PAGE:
WASHINGTON (Jun. 12)
The United States has no evidence that China has delivered surface-to-surface missiles to Syria, Secretary of State James Baker told a Senate panel on Wednesday.
Baker made the statement to the Senate Appropriations subcommittee on commerce, judiciary and state after Sen. Warren Rudman (R-N.H.) raised objections to any Chinese-Syrian deal for M-9 missiles.
Seth Carus, senior fellow at the Washington Institute for Near East Policy, a pro-Israel think tank, said it is “not really clear at the moment whether there’s any evidence that an actual contract has been signed between these two countries.”
But he said confirmation of such a deal would take on a “heightened importance” because any M-9 delivery could take place in a relatively short time frame.
The Bush administration is concerned that medium-range missiles such as the M-9, which has a range of 375 miles, would destabilize the Middle East by increasing Syria’s ability to overcome Israel’s Patriot missile battery defense.
Syria currently has North Korean-made Scud-C missiles that have a similar range but are considered less effective than the M-9s against the Patriots.
Carus said that unlike the liquid-fuel Scud, the M-9 is a solid-fuel missile, a feature that provides “greater operational flexibility.”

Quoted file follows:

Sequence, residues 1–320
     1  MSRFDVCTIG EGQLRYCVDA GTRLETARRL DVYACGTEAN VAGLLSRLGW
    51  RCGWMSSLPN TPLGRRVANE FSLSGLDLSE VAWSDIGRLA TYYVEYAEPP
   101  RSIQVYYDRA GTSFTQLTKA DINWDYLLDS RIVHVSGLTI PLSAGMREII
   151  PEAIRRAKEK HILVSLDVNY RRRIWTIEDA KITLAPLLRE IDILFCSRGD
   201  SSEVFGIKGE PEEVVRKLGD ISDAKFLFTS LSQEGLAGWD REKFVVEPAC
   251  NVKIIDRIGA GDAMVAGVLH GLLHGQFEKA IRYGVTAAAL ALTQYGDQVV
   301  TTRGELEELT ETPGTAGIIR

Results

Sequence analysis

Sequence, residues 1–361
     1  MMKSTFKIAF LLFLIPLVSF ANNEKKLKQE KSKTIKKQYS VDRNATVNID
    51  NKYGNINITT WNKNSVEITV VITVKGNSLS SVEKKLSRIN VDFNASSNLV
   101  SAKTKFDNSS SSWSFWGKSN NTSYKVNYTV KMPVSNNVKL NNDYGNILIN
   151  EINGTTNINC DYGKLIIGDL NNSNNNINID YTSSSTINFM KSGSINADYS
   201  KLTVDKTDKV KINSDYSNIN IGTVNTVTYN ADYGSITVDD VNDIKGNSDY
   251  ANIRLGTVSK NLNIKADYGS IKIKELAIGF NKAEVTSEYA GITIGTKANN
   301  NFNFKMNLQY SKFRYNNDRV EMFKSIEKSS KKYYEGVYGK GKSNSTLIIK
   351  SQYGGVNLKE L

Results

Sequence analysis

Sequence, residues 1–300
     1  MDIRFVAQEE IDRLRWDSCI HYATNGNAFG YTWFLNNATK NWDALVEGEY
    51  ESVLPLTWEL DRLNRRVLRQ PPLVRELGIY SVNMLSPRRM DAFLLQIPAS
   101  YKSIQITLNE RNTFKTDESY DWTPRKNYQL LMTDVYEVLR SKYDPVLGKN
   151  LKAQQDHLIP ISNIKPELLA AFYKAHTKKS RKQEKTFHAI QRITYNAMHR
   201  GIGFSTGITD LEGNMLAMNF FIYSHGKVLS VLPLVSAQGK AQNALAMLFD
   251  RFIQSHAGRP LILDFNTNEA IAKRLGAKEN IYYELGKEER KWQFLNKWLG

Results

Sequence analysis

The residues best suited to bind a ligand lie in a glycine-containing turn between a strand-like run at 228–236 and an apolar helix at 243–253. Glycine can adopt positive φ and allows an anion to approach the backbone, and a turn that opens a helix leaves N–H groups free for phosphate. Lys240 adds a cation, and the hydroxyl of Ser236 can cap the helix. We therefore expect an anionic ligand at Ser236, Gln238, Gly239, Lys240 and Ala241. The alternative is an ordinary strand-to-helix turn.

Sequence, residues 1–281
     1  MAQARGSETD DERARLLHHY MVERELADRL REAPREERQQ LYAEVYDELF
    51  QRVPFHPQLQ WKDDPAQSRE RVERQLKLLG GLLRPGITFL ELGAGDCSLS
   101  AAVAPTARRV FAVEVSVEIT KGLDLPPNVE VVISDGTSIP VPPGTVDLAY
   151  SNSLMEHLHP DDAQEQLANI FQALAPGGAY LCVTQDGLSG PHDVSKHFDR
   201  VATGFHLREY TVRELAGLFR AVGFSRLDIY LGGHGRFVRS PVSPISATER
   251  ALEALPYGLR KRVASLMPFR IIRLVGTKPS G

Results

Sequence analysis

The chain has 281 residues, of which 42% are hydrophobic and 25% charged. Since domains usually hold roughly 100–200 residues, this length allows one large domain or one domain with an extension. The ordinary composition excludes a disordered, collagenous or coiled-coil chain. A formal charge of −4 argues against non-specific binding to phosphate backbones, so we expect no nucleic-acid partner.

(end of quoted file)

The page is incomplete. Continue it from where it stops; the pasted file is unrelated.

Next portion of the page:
In addition, the M-9 is believed to have a “significantly enhanced guidance system” giving it an accuracy of about 65 yards, versus half a mile for the Scud.
SAUDI SALE EXPECTED IN SEPTEMBER
Baker said U.S. concern over an M-9 sale was conveyed to China in a visit last month by Robert Kimmitt, undersecretary of state for political affairs.
He noted that China has agreed to participate in a conference next month in Paris of the five leading arms-supplying nations. The conference is expected to consider possible guidelines for limiting future arms transfers to the Middle East.
In his testimony to the Senate panel, Baker also defended recent U.S. decisions to store $700 million in arms in Israel and to sell 20 Apache helicopters — the Army’s most advanced attack helicopters — to the United Arab Emirates.
Prepositioning the arms in Israel, as well as an undisclosed amount in Saudi Arabia, would benefit the United States in the event of another conflict in the region, Baker argued.
“It’s just going to make it a lot easier for us if we ever had to do it again, to do it without shipping all of that stuff,” he said.
On Tuesday, Maj. Gen. Teddy Allen, director of the Pentagon’s Defense Security Assistance Agency, told a different Senate Appropriations subcommittee that the United States will propose a new arms sale package to Saudi Arabia in September.
Sen. Patrick Leahy (D-Vt.), chairman of the foreign aid appropriations subcommittee, told Allen: “I don’t know how this helps our credibility if we’re all willy-nilly doing arms sales around the Middle East.”